Tidal Lagoon Could Generate Power and Boost Local Economy

When Elon Musk ignited a fierce bidding war to host Tesla's new gigafactory, Nevada's governor, the eventual winner, knew that his state would be building an essential part of the global manufacturing and energy infrastructure for the 21st century. Assuming Tesla doesn't implode for unforeseen reasons, the state's workers and businesses are confident that a large industrial ecosystem will grow up around the factory, guaranteeing innovation and new jobs for decades. As a matter of fact, across the country businesses are already making plans to uproot and move to Reno, hoping to supply Tesla's growing roster of electric vehicles with future components that haven't been imagined or invented yet.

This scenario is spreading all over the world at warp-drive speed. US-based SunEdison just announced plans to build a massive, $4 billion solar module factory in India with a large, regional energy conglomerate. Now India won't have to rely on China — frenemy and rival — for solar panels to supply its huge solar buildout, and it will also ride the energy revolution into the next century.

This burgeoning trend brings us to Swansea, a dingy, depressed South Wales city of 240,000 people, once famous for shipbuilding and metalworking, that fell on hard times after high-wage shipbuilding moved to low-wage Asia. Now down-at-the-heels, the city sees a chance to become part of the growing alternative energy economy.

A man-made tidal lagoon

Combining the best tidal resource in Europe — about 6 meters from peak to trough — with a desperate need to rebuild, Swansea is the potential site of a new project that could power nearly every house with electricity generated by the ocean’s natural rhythms.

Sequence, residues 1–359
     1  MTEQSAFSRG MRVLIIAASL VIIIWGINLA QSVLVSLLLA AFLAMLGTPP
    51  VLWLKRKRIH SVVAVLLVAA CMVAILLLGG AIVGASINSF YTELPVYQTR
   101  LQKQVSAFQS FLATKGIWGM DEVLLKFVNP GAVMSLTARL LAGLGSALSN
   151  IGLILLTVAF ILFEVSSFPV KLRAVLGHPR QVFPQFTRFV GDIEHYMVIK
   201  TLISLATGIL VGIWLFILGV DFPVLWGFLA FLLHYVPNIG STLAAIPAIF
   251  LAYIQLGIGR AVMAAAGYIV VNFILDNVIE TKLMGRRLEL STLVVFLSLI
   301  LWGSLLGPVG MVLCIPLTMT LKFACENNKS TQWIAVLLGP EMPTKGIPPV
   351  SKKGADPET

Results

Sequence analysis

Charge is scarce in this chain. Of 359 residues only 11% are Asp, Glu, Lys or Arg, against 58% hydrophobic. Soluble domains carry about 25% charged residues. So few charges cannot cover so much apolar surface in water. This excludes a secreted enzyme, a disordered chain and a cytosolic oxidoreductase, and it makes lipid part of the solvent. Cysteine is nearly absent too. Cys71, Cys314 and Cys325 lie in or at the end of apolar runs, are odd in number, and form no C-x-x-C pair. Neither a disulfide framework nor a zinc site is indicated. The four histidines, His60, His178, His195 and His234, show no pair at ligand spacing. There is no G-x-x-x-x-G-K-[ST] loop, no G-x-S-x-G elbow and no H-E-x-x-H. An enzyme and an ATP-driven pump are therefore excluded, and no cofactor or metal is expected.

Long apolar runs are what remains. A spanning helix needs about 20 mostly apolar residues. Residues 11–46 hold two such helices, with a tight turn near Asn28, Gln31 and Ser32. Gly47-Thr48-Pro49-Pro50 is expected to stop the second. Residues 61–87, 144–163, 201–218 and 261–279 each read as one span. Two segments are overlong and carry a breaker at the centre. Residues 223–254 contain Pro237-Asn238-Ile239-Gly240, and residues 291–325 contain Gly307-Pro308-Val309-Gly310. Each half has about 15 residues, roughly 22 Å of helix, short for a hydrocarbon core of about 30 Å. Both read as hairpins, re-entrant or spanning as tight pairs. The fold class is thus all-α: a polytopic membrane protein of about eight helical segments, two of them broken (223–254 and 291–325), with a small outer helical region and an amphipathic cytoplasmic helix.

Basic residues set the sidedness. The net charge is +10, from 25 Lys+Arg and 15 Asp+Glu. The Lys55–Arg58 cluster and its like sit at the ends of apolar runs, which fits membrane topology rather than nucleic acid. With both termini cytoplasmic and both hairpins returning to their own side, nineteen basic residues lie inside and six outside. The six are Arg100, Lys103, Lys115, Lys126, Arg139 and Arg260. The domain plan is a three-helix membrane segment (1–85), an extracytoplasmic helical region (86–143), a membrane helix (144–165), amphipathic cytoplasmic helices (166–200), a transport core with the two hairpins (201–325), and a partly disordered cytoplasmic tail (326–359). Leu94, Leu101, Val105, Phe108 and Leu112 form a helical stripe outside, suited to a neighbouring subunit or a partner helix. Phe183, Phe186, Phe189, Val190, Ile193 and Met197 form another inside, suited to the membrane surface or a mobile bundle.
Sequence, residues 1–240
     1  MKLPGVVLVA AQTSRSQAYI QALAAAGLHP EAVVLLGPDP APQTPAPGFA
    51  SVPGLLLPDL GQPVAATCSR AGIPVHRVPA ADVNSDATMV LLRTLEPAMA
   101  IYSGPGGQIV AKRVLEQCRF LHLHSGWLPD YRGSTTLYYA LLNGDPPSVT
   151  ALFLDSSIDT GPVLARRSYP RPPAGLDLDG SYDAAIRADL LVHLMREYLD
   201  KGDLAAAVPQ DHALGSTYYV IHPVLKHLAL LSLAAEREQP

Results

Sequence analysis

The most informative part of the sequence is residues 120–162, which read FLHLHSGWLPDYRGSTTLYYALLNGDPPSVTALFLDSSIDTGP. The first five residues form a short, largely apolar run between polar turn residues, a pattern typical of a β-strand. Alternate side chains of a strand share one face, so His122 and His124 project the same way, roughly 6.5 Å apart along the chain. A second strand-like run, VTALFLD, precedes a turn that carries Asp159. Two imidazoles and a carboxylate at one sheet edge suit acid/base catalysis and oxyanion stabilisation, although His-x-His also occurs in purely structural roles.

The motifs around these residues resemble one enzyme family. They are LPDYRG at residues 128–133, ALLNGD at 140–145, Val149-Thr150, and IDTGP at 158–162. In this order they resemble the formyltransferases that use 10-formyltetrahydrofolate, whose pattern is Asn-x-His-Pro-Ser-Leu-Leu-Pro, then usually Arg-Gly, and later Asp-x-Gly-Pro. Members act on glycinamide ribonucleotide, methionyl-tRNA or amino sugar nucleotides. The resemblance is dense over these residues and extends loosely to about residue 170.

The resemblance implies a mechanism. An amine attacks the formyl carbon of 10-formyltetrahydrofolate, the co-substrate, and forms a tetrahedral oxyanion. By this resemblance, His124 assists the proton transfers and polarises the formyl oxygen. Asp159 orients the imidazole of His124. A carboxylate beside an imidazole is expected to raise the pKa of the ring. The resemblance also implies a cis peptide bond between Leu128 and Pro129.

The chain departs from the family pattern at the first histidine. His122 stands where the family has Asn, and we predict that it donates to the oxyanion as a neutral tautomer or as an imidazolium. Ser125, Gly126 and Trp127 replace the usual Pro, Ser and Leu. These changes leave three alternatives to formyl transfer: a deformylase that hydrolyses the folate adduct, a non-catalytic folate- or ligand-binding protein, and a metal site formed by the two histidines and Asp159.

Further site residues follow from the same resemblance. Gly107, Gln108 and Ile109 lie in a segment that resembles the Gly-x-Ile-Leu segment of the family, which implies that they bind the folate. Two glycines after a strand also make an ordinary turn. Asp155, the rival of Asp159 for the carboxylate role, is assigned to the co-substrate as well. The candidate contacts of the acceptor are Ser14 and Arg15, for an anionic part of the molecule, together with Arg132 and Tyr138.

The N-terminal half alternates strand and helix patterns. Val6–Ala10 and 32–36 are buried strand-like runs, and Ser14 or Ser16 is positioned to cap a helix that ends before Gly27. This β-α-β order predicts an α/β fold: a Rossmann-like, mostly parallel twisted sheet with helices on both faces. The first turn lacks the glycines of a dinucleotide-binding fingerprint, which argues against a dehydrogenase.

The £1bn Swansea plan is to construct the first power station in the world based on a man-made tidal lagoon, where a seawall made of dredged sand, sheathed with heavy rock, would enclose 11.5 square kilometers of ocean off the coast. A short stretch of wall will contain 16 turbines, and closed gates will open to allow water to flow once the tide reaches a peak between the water inside the lagoon and outside. This happens four times a day, once in each direction for high and low tide.

This single tidal lagoon could generate electricity for 155,000 households, or 90% of the city, according to Tidal Lagoon Power, the company formed with the aim of bringing this project, and others like it, to fruition.

Power firms like lagoon energy because, unlike power from the sun and wind, it's predictable and produces energy 14 hours a day. Mark Shorrock, CEO of Tidal Lagoon Power, told BBC News, "We have an opportunity to create energy from the dance between the moon and the earth. Although it's rather expensive at the beginning, as time goes on and the capital costs are paid off, it becomes incredibly cheap."

Economies of scale

Since the UK is beginning to replace its aging power stations, its now looking to renewable energy, like tidal power, to play a role and is in discussions with Tidal Lagoon Power Ltd to see if the potential project in Swansea Bay is affordable and a good value for consumers.